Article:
If this structure and subject matter seems to offer nothing altogether different from his earlier books—another four-part treatise on humans and food—in many ways that’s because Cooked isn’t all that different. This is a more intimate book than his recent volumes, but like Pollan’s other works, it serves up a literary recipe of sorts: Start at the scene of a planned meal, add equal measures food-philosophy and minutely observed reporting on agriculture and the food industry, mix in some history, add a generous dollop of evolutionary biology and a dash of evangelism, garnish heavily with big, ambitious metaphor, end at consumption of said meal, and voilà—another Michael Pollan dish, as standardized, in its own way, as the processed food he so eloquently laments. It is comfort food for the gastronomically correct.
None of which makes it any less enjoyable to read. Like those chefs, bakers and barbecue kings who churn out the same obsessively curated recipes each day, Pollan does what he does very well. There is no writer alive as adept at illustrating our human connection to, and growing disaffection from, our food and the natural world. Pollan veers effortlessly between musings on fire, bacteria, and Promethean theft, to nitty-gritty culinary detail: hogs on a grill, “a smoke-dimmed conga line of splayed pink carcasses, laid out skin side up and snout to butt”; a cheesemaking nun in denim habit, laboring to “suspend milk’s inexorable slide into putrefaction”; a barbecue chef whose beard merges seamlessly into his chest hair. Like the culinary alchemists he chronicles, Pollan takes the bare ingredients of story and makes them into something more.
Critics have accused Pollan of reductionism—distilling ideas down to an oversimplified essence. There are such moments in Cooked, as when Pollan asserts that simply getting back to the kitchen can somehow help resolve the “environmental crisis of everyday choices” we make. More pointedly, he has been faulted for dilettantery: easy for those who make a good wage writing about food and live in places like Berkeley, California—epicenter of all things haute-organic—to offer a more virtuous way of eating.
In the name of research, Pollan one evening holds a family “Microwave Night,” an experiment in how the other half eats. The author and his son embark on a bewildering journey through the modern American frozen-food aisle: “It took us more than twenty minutes just to decide among the bags of frozen Chinese stir-fry, the boxed Indian biryanis… and the cheeseburgers pre-installed on their frozen buns.” The total came to $27, he noted, an amount with which he “could easily buy a couple pounds of an inexpensive cut of grass-fed beef and enough vegetables to make a braise.” He was—no surprise—unimpressed with the taste of the frozen food, and also perplexed by how long it took to heat each meal for each member of his family—37 minutes total, easily time enough to make a “respectable” home-cooked meal. “Is there any more futile, soul-irradiating experience,” he writes, “than standing before the little window on a microwave oven…?”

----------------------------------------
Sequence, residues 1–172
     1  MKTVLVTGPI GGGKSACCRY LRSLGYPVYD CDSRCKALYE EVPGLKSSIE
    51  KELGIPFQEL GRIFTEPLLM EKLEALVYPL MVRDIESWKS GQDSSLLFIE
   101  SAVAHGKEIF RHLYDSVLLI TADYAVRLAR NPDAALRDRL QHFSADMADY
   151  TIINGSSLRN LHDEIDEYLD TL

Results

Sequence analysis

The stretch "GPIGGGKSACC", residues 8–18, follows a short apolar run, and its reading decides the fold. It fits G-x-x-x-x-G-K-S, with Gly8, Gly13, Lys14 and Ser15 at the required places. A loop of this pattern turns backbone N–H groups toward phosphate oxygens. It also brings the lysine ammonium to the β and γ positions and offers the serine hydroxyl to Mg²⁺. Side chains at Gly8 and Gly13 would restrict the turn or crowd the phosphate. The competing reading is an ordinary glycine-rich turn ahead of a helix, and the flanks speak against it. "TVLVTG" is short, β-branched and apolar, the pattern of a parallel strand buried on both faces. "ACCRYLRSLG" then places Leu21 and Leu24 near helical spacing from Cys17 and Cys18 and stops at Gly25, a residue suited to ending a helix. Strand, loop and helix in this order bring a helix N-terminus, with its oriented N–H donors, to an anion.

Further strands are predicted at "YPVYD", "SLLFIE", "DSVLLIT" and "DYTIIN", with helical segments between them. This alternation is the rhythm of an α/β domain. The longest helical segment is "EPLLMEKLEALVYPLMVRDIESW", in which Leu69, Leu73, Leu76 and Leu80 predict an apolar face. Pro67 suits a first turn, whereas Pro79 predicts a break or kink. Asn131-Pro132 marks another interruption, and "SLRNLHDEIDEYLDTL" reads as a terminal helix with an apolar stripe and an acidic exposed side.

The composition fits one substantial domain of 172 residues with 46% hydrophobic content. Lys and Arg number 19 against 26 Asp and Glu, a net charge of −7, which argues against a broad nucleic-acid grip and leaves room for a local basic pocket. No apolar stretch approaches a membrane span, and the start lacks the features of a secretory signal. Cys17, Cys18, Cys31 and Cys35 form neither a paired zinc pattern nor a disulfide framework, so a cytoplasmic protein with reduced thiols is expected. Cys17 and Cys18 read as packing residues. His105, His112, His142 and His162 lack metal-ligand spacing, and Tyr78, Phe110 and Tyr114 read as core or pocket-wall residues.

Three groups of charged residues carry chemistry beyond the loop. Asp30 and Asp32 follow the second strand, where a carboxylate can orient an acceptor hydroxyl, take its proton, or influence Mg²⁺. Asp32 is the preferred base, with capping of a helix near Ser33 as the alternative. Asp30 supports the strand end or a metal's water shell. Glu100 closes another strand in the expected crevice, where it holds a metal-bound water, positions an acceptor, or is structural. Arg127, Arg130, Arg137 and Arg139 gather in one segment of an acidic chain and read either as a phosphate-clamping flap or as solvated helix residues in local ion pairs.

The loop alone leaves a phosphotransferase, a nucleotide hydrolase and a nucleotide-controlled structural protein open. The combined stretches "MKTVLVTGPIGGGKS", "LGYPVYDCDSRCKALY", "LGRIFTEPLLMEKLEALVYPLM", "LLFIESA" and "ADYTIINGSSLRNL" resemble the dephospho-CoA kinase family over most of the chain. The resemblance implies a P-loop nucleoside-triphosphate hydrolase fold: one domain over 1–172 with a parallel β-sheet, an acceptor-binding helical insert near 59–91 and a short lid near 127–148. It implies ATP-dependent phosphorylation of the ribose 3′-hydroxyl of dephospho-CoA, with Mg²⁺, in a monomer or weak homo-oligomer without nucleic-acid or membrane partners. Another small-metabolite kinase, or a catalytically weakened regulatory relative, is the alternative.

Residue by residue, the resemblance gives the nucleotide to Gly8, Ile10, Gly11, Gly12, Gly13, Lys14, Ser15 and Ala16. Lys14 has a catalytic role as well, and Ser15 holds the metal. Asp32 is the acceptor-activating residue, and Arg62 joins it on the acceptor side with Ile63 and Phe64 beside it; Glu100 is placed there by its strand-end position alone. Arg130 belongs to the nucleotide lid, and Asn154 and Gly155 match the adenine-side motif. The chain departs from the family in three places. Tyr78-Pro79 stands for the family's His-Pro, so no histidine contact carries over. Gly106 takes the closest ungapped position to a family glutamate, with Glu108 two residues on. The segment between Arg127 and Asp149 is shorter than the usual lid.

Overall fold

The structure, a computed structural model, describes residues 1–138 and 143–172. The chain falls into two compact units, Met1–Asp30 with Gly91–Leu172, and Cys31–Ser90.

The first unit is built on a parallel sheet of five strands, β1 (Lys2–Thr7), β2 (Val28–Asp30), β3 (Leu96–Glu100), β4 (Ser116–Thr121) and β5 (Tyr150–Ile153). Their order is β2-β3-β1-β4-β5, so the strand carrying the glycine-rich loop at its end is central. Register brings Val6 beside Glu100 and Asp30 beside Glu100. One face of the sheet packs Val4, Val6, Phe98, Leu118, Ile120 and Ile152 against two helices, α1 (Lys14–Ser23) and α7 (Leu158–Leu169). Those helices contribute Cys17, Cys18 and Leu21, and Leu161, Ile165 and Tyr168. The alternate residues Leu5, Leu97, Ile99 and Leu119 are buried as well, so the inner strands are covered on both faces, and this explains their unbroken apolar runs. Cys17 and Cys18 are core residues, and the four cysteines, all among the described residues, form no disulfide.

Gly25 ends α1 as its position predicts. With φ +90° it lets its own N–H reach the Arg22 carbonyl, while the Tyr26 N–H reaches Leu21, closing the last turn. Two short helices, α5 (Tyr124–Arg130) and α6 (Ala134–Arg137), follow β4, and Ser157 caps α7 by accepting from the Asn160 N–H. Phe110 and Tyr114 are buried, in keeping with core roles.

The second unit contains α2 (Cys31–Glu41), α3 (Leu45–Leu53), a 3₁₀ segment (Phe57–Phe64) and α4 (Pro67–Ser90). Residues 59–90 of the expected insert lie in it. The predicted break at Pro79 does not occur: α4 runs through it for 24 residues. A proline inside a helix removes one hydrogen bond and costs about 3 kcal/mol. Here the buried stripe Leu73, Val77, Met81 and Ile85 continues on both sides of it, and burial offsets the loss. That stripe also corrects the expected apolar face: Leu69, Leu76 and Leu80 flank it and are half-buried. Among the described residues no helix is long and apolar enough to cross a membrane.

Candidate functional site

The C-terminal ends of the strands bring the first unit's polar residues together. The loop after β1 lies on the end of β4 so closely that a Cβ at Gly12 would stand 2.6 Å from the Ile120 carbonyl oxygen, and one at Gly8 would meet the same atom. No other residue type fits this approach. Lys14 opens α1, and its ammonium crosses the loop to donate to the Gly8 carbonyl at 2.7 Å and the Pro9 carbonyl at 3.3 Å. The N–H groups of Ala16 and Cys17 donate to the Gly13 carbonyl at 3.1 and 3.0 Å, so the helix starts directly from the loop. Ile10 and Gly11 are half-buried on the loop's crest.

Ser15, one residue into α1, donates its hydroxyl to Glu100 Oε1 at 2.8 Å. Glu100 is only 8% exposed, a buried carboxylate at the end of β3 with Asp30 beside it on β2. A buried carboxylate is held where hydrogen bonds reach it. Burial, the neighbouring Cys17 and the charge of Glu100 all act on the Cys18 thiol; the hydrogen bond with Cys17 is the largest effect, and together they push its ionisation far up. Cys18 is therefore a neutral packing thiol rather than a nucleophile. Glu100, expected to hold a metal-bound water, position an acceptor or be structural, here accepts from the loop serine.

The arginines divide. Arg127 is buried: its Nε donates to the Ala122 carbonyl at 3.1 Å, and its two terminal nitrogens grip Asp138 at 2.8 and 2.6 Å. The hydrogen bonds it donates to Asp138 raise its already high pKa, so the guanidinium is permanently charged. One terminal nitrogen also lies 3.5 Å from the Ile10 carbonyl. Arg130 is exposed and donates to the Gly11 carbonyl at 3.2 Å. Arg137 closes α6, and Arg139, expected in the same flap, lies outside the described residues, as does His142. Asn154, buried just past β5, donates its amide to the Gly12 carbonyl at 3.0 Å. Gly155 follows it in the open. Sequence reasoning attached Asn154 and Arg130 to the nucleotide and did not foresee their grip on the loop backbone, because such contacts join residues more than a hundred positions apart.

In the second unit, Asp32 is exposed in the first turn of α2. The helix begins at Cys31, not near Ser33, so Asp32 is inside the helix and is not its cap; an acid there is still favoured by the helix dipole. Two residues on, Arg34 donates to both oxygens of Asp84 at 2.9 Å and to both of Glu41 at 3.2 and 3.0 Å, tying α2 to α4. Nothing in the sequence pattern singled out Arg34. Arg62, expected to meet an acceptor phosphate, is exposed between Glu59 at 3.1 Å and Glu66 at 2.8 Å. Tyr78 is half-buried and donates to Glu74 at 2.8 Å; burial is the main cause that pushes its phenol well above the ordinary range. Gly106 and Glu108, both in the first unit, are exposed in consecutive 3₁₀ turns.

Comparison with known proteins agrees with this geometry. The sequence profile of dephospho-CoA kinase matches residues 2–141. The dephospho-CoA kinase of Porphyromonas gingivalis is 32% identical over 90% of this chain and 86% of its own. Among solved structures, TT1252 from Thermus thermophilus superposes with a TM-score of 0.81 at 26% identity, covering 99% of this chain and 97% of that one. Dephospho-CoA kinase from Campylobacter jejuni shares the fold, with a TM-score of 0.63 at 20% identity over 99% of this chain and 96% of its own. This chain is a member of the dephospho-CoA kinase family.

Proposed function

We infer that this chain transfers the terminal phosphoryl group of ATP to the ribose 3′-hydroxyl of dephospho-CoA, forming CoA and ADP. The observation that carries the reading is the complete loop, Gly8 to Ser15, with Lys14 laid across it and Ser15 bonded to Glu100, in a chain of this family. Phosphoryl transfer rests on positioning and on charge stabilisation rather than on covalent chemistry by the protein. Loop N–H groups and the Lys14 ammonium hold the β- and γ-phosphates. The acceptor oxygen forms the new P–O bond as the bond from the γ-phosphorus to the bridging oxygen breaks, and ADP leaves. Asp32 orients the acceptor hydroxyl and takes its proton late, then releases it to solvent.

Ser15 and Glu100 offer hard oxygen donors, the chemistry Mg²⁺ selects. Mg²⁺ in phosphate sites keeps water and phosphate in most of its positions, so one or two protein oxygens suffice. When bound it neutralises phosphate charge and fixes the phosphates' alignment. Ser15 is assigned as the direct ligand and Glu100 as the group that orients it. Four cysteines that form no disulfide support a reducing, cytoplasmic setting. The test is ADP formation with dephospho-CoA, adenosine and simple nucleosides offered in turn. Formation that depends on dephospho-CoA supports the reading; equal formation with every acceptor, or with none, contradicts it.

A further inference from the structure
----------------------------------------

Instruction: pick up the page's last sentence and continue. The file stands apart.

If these rituals are foreign to Pollan, they aren’t to most people, and Pollan comes across as rather far removed from the daily sturm und drang of getting a family fed. Pollan lauds cooking as a form of “unitasking” that defies the compartmentalization of our global economy. People today, he notes, tend to produce one thing—whatever it is they do for work—and consume everything else. By cooking, we become producer and consumer both. But of course one reason Pollan could find the time to meander through a farmers’ market, locate an inexpensive cut of grass-fed beef and then braise the thing is because, during the time in which he wrote Cooked, at least, it was his job to do so.